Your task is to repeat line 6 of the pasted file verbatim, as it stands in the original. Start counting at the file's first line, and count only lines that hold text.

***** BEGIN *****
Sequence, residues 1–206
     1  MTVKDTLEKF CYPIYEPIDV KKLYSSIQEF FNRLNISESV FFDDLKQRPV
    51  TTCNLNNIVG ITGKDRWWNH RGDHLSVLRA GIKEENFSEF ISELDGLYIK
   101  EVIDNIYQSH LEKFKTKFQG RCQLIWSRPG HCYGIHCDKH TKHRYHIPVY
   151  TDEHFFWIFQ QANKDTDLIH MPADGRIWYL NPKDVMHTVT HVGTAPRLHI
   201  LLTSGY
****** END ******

   201  LLTSGY